Interest rates have been dominating the news headlines in 2022 as the Federal Reserve Bank attempts to slow the pace of rising inflation. There have been several interest rate hikes, with more expected throughout the coming year. The Fed is trying to drive down consumer costs over time. In the short term, that means the price of a motorcycle loan is going up.
With inflation, the cost of motorcycles could increase too. If you plan to purchase a bike this year, consider buying something used or starting with a lower-end model. As inflation levels off, prices should stabilize, and interest rates will come down again. That’s the time to buy the new bike with all the bells and whistles.
APR and Interest Rates are Not the Same Thing
APR and interest rates are often confused. The difference between APR and interest rate is that APR, which stands for “annual percentage rate,” includes financing charges and fees along with interest rate. Buyers often haggle an APR when it doesn’t match the lender’s advertised interest rate on motorcycle loans. The terms are not interchangeable.
The Federal Reserve Bank determines interest rates, but their rate is not the same as what the buyer will get on a motorcycle purchase. The Fed determines the “Federal Funds Rate,” which is the rate that banks pay when they borrow from other banks. The consumer interest rate on loans and mortgages is always a few percentage points higher.
As the Fed raises interest rates to combat inflation, lenders set their rates to mitigate inflationary risk. Motorcycle loans are typically shorter-term loans, so lenders have less risk. Buyers with good credit today can get an APR as low as 3.99% on a one to three-year loan. The Federal Funds Rate is only 1.75%. The rest is bank mark-ups, finance charges, and fees.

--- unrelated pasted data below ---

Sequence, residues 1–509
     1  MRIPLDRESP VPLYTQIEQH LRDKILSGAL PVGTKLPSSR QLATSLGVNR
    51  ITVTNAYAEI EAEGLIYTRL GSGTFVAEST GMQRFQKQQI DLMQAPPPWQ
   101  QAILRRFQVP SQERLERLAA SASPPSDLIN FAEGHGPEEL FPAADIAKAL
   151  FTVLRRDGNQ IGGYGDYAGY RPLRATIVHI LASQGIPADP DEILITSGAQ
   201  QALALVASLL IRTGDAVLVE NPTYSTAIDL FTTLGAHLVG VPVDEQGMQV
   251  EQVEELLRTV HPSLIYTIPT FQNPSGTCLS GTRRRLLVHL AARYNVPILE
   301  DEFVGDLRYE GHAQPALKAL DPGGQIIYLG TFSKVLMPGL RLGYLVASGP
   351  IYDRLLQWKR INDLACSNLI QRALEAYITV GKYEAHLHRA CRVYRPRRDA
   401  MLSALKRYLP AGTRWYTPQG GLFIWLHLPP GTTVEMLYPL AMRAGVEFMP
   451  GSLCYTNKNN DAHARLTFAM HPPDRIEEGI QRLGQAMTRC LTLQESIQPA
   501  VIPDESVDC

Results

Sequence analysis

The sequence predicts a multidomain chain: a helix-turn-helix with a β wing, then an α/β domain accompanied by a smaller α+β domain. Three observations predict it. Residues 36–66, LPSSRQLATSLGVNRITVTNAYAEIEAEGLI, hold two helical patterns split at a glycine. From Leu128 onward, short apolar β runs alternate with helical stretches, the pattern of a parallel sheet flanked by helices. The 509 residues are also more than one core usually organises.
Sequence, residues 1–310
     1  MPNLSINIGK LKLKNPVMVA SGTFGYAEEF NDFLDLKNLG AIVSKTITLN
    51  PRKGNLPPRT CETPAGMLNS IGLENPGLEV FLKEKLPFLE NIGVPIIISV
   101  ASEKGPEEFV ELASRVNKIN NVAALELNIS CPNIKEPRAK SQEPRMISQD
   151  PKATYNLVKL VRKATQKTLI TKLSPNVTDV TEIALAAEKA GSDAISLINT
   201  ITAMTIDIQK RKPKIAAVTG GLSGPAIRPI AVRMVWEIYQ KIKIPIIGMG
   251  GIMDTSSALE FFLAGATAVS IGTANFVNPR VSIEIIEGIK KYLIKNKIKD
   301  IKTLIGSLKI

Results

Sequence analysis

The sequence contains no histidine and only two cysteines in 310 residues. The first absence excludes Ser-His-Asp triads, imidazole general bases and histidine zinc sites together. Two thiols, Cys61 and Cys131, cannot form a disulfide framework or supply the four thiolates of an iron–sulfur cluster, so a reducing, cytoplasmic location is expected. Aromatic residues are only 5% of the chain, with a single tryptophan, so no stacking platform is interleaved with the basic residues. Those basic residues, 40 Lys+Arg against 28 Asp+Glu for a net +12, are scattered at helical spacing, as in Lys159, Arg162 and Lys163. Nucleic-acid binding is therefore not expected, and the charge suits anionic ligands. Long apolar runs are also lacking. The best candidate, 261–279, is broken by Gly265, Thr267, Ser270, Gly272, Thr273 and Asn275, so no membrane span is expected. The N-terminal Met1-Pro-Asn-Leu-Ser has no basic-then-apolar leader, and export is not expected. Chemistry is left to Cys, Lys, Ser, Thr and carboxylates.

How to Lower Motorcycle Loan Interest Rates
Buyers often feel they have no control over APR and interest rates. Fortunately, that’s not entirely true. You can lower the interest rate on a motorcycle loan by putting up a higher down payment or agreeing to a shorter term. A one-year loan is cheaper than a three or five-year loan. The shorter loan term also lowers the total payout of APR fees.
Another option is to not go through the dealer for financing. Traditional banks and online lenders don’t always have specific loans for motorcycle buyers, but they offer unsecured personal loans to finance your motorcycle purchase. The APR on these loans comes as low as 2.49%, and the buyer can use any excess funds after the purchase to buy accessories.
The Bottom Line
Interest rates are only one variable in determining the price a buyer pays for a motorcycle. Finance charges and fees also influence the annual percentage rate (APR). Dealers charge additional fees on top of that for the “convenience” of dealer financing. Higher down payments can bring that cost down, but so can taking out a personal loan to buy the motorcycle. Consider all of your options carefully before making a purchase decision.